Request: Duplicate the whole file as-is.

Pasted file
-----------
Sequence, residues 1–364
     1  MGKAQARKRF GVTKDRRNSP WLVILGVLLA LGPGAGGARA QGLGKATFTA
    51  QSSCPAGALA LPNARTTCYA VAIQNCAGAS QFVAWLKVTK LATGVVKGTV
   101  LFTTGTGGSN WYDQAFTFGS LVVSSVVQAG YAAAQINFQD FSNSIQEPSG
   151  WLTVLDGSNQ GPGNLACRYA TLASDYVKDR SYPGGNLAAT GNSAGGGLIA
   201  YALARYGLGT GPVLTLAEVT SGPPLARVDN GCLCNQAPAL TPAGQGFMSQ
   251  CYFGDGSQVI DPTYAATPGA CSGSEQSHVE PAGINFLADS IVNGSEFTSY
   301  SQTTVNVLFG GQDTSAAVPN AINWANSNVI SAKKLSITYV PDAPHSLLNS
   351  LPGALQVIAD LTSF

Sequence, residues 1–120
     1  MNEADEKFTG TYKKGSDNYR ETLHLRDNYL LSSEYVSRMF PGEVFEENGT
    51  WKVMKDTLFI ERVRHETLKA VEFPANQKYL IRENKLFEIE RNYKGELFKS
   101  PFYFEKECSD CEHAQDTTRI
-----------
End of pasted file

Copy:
Sequence, residues 1–364
     1  MGKAQARKRF GVTKDRRNSP WLVILGVLLA LGPGAGGARA QGLGKATFTA
    51  QSSCPAGALA LPNARTTCYA VAIQNCAGAS QFVAWLKVTK LATGVVKGTV
   101  LFTTGTGGSN WYDQAFTFGS LVVSSVVQAG YAAAQINFQD FSNSIQEPSG
   151  WLTVLDGSNQ GPGNLACRYA TLASDYVKDR SYPGGNLAAT GNSAGGGLIA
   201  YALARYGLGT GPVLTLAEVT SGPPLARVDN GCLCNQAPAL TPAGQGFMSQ
   251  CYFGDGSQVI DPTYAATPGA CSGSEQSHVE PAGINFLADS IVNGSEFTSY
   301  SQTTVNVLFG GQDTSAAVPN AINWANSNVI SAKKLSITYV PDAPHSLLNS
   351  LPGALQVIAD LTSF

Sequence, residues 1–120
     1  MNEADEKFTG TYKKGSDNYR ETLHLRDNYL LSSEYVSRMF PGEVFEENGT
    51  WKVMKDTLFI ERVRHETLKA VEFPANQKYL IRENKLFEIE RNYKGELFKS
   101  PFYFEKECSD CEHAQDTTRI